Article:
By Abigail Chadwick, Assistant News Editor (Photo by Preston Morris/The Bison)
A couple of small boxes have been placed around campus with the intention of making a large impact.
The Student Professional Oklahoma Educators association (SPOE) has placed painted boxes in the lower GC and on the second floor of Shawnee Hall. These book drive collection boxes will remain until April 13. The donated books will be given to students at Horace Mann Elementary School.
Two goals of the SPOE are the professional development of its students and supporting the community.
“Our initial goal in SPOE is to provide professional development for our teacher candidates,” Dr. Kellie Young, assistant professor of education, said. “We really do want to provide support for the people going through the program through that professional development, but then we also want to reach out. We don’t want to just be reaching in and only providing for our candidates, but also reaching out to the community and supporting them as well.”
Some Shawnee children don’t have books at home.
“Books are pretty expensive as a whole,” Young said. “[Sometimes] you don’t really realize that a lot of students don’t even have one book at home.”
Reading affects a child’s future studies.
“Literacy is a huge component of teaching and learning,” a junior interdisciplinary major in elementary education, early childhood education and special education and president of OBU’s SPOE chapter, Jessica George said. “Especially third-grade on up, most of your other areas like math and science and social studies comes from reading and so if you’re behind on reading that has a huge impact on other areas as well.”
The book drive is for elementary grade-level books.
“So, we’re looking at ages first through fifth-grade,” Young said. “So, they can be picture books; they can be chapter books, really anything that we would consider children’s [litera-ture].”
SPOE requests that books be in good condition.
“The books that we are collecting can be used, but we ask that they are gently used,” George said. “If it’s been through a couple generations and it’s faded or falling apart that might not be a good one to donate.”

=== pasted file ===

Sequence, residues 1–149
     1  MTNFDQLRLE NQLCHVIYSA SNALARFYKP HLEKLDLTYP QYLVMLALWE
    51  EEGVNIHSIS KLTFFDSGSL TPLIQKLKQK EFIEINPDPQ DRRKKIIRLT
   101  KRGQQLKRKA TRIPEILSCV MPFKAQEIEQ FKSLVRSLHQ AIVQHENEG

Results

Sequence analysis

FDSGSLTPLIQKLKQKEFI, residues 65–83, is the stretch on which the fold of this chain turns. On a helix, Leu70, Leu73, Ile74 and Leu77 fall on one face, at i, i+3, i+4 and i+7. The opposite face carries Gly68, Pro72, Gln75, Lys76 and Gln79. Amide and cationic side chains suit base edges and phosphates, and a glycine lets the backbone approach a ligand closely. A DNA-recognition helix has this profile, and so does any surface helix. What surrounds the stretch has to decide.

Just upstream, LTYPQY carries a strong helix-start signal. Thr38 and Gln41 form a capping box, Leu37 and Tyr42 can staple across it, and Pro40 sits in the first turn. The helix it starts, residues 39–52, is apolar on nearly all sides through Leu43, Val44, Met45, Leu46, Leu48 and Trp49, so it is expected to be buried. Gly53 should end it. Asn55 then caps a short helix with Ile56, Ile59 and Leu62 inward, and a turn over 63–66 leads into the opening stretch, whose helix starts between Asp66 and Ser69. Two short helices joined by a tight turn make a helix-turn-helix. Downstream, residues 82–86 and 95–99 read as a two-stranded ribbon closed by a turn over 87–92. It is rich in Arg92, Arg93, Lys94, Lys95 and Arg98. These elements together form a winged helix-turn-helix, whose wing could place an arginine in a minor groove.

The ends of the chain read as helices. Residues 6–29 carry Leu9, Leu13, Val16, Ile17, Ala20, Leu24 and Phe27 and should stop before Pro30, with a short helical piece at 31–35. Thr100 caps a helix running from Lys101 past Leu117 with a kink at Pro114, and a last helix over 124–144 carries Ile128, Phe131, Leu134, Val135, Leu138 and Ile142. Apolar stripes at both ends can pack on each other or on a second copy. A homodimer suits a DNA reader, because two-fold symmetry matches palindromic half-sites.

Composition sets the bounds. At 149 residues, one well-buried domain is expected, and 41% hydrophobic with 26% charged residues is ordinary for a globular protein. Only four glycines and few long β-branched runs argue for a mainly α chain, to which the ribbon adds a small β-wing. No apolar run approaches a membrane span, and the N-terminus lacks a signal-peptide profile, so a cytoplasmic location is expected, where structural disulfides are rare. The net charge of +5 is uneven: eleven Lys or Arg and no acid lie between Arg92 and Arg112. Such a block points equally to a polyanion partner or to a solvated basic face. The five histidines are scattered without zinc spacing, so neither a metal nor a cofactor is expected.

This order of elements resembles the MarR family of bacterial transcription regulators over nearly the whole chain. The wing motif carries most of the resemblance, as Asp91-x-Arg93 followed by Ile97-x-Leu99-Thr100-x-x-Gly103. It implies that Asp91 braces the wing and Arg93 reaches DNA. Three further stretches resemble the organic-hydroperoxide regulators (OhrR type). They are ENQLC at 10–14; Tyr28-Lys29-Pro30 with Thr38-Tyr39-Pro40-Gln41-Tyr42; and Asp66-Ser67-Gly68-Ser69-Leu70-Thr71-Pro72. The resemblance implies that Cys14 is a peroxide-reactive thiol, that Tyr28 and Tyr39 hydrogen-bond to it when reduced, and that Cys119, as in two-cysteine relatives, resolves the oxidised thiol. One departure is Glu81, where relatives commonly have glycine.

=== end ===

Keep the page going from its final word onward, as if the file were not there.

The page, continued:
Books may be of any type within the appropriate age range, fiction or nonfiction.
“The hope is to give them a book about something that they’ll be interested in and that will grow their interest in reading,” George said. “Because no child is the same and all children are different we need all kinds of books.”
One factor in a book’s reading level is its length.
“One key thing is going to be how big the books [are],” George said. “If it’s a really long chapter book, like some of those Harry Potter books or even Series of Unfortunate Events, they’re probably going to be more on your middle school or high school level.”
The AR Book Find website may help determine the reading level of some books.
“On AR Book find it will tell you one if it’s an AR book,” George said. “We don’t necessarily care if it’s an AR book or not, but if it is it will let you know the book level. So, if it’s a 4.3 that means it’s a fourth-grade level book, if it’s a 6.0 that means it’s a sixth-grade level book.”
The book drive is part of SPOE’s goal of serving the community.
“We really want to give back to the community because we have a lot of teachers that offer their classrooms for our student teaching or field experiences,” Young said. “So, we want to try and give back to the community and our goal is to raise enough books through this book drive to be able to provide all of the students at Horace Mann with a book they can take home during the summer, so that’s our ultimate goal; we hope we make that.”
SPOE staff advisor and SPOE president said they hope to have more book drives in the future.
“I think we are probably going to continue to do this, that’s the plan, every spring semester through April and try to collect books,” Young said. “That’s our goal is to do this annually and get everyone involved, but also to do it campus-wide so that other people have the opportunity to donate books, but also have an awareness that there is a need in our community.”
So far about 30 books have been donated.
“Right now we definitely still need a lot more books,” George said.